How to Learn PLC Programming for Free

by Michael Scarn

Programmable Logic Controller, otherwise known as PLC, is a type of computer that is programmed to engage in automated tasks, such as starting and stopping a roller coaster or moving a factory assembly line. Programming a PLC task requires specialized knowledge of how to properly input information into the PLC so that the machines involved in the automated tasks do not malfunction. Although the primary methods to learn PLC programming cost money, there are quality sources of PLC programming information available for free.

The local library can be a great resource.

Check out books at your local library on PLC programming. Several books have been written to teach PLC programming, including “The PLC Workbook: Programmable Logic Controllers Made Easy” that libraries will carry. If your particular library does not have a PLC programming book, a librarian can locate the book at another library in the United States and request the book be sent for you to check out. If you can check out books from your local college library, be sure to also check there for copies of PLC programming books.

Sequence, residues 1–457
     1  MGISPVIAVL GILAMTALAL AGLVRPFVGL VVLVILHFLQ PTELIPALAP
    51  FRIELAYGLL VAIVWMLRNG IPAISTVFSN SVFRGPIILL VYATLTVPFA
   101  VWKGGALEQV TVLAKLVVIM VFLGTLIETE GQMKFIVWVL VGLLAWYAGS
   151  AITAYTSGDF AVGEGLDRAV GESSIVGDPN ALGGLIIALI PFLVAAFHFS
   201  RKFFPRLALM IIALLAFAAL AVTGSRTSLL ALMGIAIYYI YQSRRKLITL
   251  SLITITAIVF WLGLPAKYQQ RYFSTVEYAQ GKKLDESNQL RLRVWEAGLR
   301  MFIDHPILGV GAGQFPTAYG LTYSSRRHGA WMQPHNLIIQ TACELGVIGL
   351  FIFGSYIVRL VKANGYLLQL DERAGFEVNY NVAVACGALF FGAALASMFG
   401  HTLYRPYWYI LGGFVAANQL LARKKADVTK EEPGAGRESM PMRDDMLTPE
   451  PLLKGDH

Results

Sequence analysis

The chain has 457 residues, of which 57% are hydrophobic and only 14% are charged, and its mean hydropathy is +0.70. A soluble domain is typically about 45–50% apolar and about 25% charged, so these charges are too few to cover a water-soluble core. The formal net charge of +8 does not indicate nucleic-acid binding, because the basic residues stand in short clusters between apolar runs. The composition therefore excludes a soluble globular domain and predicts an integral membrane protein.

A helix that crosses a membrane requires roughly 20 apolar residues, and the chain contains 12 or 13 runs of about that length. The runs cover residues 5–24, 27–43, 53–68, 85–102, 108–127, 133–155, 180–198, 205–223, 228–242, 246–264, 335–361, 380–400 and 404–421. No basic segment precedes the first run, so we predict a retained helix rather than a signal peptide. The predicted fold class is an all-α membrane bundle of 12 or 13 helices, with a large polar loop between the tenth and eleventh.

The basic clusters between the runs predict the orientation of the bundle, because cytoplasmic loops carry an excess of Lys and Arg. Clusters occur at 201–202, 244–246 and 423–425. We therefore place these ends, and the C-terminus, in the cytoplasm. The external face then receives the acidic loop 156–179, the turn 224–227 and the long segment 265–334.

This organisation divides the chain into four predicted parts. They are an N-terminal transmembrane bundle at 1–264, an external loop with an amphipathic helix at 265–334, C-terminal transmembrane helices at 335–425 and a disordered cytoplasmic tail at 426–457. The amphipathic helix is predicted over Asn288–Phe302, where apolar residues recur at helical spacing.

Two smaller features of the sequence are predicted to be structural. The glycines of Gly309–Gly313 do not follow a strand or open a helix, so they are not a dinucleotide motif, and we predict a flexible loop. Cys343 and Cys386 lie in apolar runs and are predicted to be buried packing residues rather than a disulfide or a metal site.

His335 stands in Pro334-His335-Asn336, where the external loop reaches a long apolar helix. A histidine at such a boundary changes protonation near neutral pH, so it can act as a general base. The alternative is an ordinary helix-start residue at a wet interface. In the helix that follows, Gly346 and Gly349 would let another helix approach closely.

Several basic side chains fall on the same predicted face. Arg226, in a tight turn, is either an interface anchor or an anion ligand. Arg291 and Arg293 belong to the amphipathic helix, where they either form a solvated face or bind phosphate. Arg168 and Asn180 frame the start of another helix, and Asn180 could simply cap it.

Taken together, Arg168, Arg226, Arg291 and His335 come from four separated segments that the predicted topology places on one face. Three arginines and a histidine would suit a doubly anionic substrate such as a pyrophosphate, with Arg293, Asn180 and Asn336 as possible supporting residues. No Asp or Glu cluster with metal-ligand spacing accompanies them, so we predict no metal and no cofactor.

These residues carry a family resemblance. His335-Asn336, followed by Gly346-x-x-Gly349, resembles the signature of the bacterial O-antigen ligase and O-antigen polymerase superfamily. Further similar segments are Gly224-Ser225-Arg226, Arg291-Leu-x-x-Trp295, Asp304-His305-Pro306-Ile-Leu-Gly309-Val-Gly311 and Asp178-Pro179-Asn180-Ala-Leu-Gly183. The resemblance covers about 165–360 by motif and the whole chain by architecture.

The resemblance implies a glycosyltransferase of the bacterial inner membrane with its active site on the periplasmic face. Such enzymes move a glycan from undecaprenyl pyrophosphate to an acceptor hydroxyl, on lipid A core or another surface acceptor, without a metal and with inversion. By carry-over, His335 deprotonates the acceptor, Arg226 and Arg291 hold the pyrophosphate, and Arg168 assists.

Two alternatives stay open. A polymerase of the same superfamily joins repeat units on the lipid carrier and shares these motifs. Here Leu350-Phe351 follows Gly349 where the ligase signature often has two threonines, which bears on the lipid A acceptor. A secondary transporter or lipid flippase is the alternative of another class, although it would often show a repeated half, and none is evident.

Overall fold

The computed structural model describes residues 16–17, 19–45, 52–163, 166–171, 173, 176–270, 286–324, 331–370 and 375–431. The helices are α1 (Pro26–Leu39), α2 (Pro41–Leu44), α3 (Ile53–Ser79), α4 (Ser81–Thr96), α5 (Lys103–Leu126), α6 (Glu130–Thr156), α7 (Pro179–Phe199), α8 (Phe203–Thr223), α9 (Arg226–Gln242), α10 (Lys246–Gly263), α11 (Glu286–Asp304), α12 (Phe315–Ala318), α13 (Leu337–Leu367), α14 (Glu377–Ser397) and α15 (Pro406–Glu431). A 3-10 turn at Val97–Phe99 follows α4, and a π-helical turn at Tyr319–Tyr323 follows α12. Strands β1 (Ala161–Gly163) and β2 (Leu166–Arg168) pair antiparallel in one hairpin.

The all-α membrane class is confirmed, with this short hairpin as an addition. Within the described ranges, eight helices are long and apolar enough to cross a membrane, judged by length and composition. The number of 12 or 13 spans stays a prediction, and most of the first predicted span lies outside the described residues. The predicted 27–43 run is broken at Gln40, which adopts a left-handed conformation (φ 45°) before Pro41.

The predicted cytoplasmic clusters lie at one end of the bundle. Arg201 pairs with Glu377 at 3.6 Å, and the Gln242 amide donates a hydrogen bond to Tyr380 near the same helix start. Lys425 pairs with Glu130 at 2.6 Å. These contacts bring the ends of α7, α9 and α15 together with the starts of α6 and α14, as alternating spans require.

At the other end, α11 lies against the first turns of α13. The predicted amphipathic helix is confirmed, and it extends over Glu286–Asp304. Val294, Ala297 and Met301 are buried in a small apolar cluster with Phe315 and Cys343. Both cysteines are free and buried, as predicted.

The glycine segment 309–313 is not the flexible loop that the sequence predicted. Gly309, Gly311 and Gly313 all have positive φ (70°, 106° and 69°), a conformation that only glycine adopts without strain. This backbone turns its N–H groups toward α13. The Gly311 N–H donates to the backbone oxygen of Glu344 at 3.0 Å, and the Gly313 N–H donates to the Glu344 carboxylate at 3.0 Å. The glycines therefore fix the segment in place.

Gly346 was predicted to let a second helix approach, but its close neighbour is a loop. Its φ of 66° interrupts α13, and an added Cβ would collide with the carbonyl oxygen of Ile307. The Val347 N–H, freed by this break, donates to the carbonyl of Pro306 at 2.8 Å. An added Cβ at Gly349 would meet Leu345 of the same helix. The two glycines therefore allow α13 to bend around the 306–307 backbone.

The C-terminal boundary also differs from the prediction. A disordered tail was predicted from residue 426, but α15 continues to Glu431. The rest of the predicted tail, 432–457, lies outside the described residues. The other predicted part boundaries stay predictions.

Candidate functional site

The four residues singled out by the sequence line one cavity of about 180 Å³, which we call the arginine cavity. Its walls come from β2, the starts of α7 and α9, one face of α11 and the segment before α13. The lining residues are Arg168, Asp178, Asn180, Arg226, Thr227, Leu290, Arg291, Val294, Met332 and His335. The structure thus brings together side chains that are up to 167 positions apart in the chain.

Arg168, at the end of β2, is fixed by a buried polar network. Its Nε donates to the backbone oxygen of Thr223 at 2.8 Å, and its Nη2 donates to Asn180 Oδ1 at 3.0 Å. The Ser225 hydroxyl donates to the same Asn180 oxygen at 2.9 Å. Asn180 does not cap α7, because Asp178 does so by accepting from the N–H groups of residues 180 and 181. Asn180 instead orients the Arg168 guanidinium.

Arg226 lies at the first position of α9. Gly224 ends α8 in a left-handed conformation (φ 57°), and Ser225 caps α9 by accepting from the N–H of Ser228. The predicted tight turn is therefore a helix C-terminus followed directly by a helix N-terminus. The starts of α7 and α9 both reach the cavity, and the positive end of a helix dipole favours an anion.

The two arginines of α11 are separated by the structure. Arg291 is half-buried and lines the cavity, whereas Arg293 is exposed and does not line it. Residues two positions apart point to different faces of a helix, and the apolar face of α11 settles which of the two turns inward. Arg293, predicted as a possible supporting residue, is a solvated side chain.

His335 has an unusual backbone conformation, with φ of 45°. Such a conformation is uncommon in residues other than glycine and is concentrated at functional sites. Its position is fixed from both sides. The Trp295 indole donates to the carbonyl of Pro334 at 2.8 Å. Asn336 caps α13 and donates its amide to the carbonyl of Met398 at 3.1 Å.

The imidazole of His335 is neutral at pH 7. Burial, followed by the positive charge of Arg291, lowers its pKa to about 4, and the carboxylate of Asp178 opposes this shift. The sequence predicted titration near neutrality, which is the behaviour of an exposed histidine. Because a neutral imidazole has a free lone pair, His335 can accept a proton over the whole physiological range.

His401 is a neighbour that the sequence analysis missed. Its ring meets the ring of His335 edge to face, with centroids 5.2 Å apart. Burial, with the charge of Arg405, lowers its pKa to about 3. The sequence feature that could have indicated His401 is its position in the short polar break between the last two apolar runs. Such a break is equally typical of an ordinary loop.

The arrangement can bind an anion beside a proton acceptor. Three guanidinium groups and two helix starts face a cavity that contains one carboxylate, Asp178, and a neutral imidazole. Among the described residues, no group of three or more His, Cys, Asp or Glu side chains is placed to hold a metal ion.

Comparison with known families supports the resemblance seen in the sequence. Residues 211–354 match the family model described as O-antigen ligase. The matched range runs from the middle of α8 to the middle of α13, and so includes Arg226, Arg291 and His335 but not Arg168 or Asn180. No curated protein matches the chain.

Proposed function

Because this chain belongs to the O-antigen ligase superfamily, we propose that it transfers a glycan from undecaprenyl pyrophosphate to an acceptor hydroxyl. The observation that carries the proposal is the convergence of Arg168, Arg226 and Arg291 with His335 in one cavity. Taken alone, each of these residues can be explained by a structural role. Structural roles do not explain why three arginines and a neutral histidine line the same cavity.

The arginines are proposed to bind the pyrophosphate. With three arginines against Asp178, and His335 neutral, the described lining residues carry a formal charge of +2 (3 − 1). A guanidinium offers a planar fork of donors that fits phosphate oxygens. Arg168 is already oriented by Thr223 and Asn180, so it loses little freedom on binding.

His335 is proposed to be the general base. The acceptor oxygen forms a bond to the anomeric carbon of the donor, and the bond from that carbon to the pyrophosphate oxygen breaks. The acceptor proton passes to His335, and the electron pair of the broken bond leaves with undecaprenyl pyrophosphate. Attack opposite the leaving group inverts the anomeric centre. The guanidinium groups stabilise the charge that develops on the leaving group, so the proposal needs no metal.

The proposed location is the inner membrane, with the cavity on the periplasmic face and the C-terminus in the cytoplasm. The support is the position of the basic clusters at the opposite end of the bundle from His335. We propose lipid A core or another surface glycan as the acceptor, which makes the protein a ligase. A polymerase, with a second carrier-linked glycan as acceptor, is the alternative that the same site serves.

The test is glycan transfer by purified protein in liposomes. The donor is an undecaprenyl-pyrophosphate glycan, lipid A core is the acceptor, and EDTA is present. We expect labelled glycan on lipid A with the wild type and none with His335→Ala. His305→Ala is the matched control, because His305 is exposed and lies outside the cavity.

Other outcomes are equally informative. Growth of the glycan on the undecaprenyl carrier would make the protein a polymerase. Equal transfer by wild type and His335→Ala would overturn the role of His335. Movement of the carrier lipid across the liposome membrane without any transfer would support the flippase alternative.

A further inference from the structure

Read through the free tutorials and guides available on the internet.

Read through the free tutorials and guides available on the Internet. A simple Internet search for “PLC programming guides” will yield several websites that go into detail about various aspects of PLC programming.

Attend a PLC programming course at your local community college.

Attend a PLC programming course at your local community college while still attending high school. Taking college courses while still enrolled in high school is almost always free. If you are not in high school or the community college still charges a fee to take the course, apply for grants and scholarships to cover the cost of the tuition and books for the PLC programming course.

About the Author

Michael Scarn is a legal, automotive, fitness, business and aviation writer. He has been a professional writer since 2006. Scarn holds a Bachelor of Arts degree in philosophy from Brigham Young University as well as a Master of Business Administration and a Juris Doctorate—both from the University of Nevada at Las Vegas.

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